Oyvind was still silent, and the school-master, feeling slightly hurt, turned away from him. They retraced their steps.
After they had walked a long distance, the school-master paused long enough for Oyvind to come up to his side.
“I presume you are very anxious to be confirmed,” said he.
“What do you think of doing afterwards?”
“I should like to go to the seminary.”
“And then become a school-master?”
“You do not think that is great enough?”
Oyvind made no reply. Again they walked on for some distance.
“When you have been through the seminary, what will you do?”
“I have not fairly considered that.”
“If you had money, I dare say you would like to buy yourself a gard?”
“Yes, but keep the mills.”
“Then you had better enter the agricultural school.”
“Do pupils learn as much there as at the seminary?”
“Oh, no! but they learn what they can make use of later.”
“Do they get numbers there too?”
“Why do you ask?”
“I should like to be a good scholar.”
“That you can surely be without a number.”
They walked on in silence again until they saw Pladsen; a light shone from the house, the cliff hanging over it was black now in the winter evening; the lake below was covered with smooth, glittering ice, but there was no snow on the forest skirting the silent bay; the moon sailed overhead, mirroring the forest trees in the ice.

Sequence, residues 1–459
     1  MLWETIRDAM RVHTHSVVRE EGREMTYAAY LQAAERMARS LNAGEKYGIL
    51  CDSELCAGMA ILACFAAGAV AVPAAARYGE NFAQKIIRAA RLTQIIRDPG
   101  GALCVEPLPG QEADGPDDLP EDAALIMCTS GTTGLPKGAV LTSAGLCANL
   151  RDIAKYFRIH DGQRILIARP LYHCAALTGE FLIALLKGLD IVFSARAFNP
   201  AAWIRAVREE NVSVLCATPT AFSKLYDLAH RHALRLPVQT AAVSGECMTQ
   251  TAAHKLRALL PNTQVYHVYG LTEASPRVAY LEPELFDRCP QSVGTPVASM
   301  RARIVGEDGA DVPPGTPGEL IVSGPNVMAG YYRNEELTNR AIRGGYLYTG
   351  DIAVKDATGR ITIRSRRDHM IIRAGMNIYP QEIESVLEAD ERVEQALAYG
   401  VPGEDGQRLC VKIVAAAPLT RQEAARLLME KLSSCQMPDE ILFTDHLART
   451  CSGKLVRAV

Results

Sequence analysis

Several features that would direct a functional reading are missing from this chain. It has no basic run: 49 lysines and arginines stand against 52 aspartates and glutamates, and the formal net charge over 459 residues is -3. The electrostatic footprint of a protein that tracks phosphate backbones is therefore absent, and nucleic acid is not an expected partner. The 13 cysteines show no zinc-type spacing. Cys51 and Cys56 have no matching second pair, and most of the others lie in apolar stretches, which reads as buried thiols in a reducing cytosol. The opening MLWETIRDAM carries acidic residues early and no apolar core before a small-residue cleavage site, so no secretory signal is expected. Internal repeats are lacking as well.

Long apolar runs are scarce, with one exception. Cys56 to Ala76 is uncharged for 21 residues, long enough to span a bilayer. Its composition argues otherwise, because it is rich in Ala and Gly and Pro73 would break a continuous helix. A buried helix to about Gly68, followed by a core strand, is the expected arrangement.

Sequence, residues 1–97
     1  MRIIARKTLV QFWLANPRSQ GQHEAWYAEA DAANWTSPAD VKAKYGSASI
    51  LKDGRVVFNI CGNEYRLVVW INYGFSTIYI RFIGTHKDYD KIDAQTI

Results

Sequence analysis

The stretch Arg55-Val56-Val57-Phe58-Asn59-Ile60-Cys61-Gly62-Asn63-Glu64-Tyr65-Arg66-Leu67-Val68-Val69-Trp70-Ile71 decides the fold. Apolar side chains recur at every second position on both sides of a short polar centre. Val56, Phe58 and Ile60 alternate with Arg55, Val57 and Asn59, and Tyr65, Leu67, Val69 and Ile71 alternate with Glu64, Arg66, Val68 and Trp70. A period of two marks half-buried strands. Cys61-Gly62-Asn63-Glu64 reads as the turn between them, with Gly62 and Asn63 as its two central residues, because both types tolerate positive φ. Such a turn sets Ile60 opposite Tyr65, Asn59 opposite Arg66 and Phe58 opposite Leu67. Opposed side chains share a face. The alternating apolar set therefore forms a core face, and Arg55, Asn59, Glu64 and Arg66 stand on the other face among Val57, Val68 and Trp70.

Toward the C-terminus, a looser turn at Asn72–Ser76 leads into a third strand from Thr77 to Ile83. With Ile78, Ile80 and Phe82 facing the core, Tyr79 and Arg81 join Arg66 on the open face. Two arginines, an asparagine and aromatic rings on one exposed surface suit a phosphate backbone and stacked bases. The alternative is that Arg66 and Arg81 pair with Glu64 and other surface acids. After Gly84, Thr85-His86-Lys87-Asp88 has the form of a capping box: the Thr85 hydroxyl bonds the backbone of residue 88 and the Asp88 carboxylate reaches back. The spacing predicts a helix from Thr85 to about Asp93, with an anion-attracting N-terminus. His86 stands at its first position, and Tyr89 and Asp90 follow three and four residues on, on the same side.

“It is beautiful here at Pladsen,” said the school-master.
There were times when Oyvind could see these things with the same eyes with which he looked when his mother told him nursery tales, or with the vision he had when he coasted on the hill-side, and this was one of those times,—all lay exalted and purified before him.
“Yes, it is beautiful,” said he, but he sighed.
“Your father has found everything he wanted in this home; you, too, might be contented here.”
The joyous aspect of the spot suddenly disappeared. The school-master stood as if awaiting an answer; receiving none, he shook his head and entered the house with Oyvind. He sat a while with the family, but was rather silent than talkative, whereupon the others too became silent. When he took his leave, both husband and wife followed him outside of the door; it seemed as if both expected him to say something. Meanwhile, they stood gazing up into the night.
“It has grown so unusually quiet here,” finally said the mother, “since the children have gone away with their sports.”
“Nor have you a child in the house any longer, either,” said the school-master.
The mother knew what he meant.
“Oyvind has not been happy of late,” said she.
“Ah, no! he who is ambitious never is happy,”—and he gazed up with an old man’s calmness into God’s peaceful heavens above.